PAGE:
New Film on Tribeca-Based Dance Company and Its International Mission

Tadej Brdnik speaking to students in New Delhi. From the documentary, "Moving Stories."

Posted
Jul. 26, 2018

by ROSLYN BERNSTEIN

The universal language of dance and its ability to heal and uplift us is the theme of "Moving Stories," a remarkable new film about dancers from the Tribeca-based Battery Dance Company who travel halfway around the world to teach at-risk young people.

For one week, the camera crews shadowed three pairs of six talented dancers, choreographers, and nurturing teachers who are part of Battery Dance's Dancing to Connect program. They fanned out to New Delhi, India, where they worked with girls rescued from sex trafficking and gender violence; to Romania, with Roma (gypsy) kids from one of Europe’s worst slums; to South Korea, with young North Koreans who risked their lives to escape; and to Iraq, where Adel Euro, a gifted Muslim dancer, fighting to survive in a repressed society, connected to his Battery Dance teachers online. With exquisite care, we see them guide their students to create a dance from scratch—not their dance but one that comes out of the students.

“We are all dancers,” Tadej Brdnik says of his young students.” “They just forgot how to be one.”

The film, to be screened Saturday, Aug. 11, at 8 p.m. in Wagner Park, follows Brdnik and his fellow dancers as they encourage these fragile students to give flight to their often stifled imaginations and find the dancers in themselves.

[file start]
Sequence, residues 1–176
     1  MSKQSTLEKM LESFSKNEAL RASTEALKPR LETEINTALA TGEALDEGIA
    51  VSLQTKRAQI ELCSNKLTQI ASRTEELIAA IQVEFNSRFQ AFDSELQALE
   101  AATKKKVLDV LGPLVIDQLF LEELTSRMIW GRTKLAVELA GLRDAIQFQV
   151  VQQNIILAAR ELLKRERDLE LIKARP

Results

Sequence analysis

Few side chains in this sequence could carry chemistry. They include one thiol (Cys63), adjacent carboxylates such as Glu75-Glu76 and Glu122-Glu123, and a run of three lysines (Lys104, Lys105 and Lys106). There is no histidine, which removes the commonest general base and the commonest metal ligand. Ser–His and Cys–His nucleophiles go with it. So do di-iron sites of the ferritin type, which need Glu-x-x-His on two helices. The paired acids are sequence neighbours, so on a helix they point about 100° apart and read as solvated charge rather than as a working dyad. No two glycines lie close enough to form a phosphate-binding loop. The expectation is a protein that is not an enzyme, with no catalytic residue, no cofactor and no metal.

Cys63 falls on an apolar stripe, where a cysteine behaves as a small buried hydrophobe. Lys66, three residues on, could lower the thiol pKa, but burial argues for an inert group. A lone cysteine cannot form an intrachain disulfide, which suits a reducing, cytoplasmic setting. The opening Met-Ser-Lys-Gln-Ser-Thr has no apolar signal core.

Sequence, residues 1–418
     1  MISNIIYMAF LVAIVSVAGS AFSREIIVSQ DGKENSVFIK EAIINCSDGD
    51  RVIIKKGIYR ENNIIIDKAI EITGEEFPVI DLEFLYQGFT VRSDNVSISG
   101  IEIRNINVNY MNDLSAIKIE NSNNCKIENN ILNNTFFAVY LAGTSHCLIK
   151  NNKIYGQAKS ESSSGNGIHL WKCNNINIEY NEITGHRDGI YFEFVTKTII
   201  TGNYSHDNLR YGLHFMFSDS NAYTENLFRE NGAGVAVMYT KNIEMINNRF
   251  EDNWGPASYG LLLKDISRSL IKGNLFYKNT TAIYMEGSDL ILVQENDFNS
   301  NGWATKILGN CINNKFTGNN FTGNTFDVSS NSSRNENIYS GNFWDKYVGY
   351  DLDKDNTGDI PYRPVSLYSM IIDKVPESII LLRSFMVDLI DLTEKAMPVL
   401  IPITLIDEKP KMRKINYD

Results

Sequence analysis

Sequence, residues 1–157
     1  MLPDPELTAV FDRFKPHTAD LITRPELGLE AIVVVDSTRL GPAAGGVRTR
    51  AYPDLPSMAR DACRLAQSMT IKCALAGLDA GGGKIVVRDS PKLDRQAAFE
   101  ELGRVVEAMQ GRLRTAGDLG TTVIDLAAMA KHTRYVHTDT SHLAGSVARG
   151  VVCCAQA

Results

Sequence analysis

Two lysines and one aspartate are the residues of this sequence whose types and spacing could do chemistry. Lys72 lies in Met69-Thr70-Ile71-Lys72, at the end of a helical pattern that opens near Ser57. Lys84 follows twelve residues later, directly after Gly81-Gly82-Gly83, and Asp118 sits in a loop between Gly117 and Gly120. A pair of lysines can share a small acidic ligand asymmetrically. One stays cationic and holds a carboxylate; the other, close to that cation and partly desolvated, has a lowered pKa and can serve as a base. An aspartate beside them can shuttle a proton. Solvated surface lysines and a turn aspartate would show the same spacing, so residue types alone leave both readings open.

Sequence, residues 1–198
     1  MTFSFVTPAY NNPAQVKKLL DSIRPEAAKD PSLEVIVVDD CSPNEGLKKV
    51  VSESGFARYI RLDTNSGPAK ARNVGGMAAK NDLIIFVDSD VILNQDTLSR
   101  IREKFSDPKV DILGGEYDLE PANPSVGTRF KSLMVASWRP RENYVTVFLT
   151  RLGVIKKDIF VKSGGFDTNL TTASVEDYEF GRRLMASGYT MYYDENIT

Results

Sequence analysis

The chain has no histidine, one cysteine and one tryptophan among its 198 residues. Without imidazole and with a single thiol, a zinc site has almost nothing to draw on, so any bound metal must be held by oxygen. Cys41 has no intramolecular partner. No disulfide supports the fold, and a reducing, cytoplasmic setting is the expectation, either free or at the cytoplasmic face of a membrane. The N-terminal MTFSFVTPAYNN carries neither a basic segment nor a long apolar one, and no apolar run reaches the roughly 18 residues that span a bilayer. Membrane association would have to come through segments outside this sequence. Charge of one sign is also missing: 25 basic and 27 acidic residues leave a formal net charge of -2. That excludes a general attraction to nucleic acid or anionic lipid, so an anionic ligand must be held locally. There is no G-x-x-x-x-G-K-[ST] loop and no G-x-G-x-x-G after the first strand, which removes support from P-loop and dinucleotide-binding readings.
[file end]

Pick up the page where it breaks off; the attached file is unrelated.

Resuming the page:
The innate capacity of all of us to communicate through dance is the overriding philosophy of the Dancing to Connect program, which under the leadership of Battery Dance Company's founder and creative director Jonathan Hollander has led more than 500 workshops in over 60 countries around the world since 2006.

The film moves smoothly from country to country as the teachers interact with their students and as the students create moves that will become their performance pieces. In each locale, the teachers—Tadej Brdnik, Robin Cantrell, Mira Cook, Clement Mensah, Sean Scantlebury and Lydia Tezlaff—are faced with different tensions and challenges. In New Delhi, the first question they ask the young girls, who had been sexually exploited, is “Do you feel safe?” Several girls answer yes; another responds, "sometimes." They try to liberate the girls from the popular Bollywood movie dance styles. Brdnik asks one student to perform a move of her own and she responds with what seems like a simple, modest bow: she shifts from side to side, lowering her head slowly. Later, we see the very same movement incorporated into the group’s final dance.

In South Korea, teachers Scantlebury and Cantrell use familiar athletic moves, such as having students grab their toes and do sit ups, to first introduce them to the alien idea of dancing.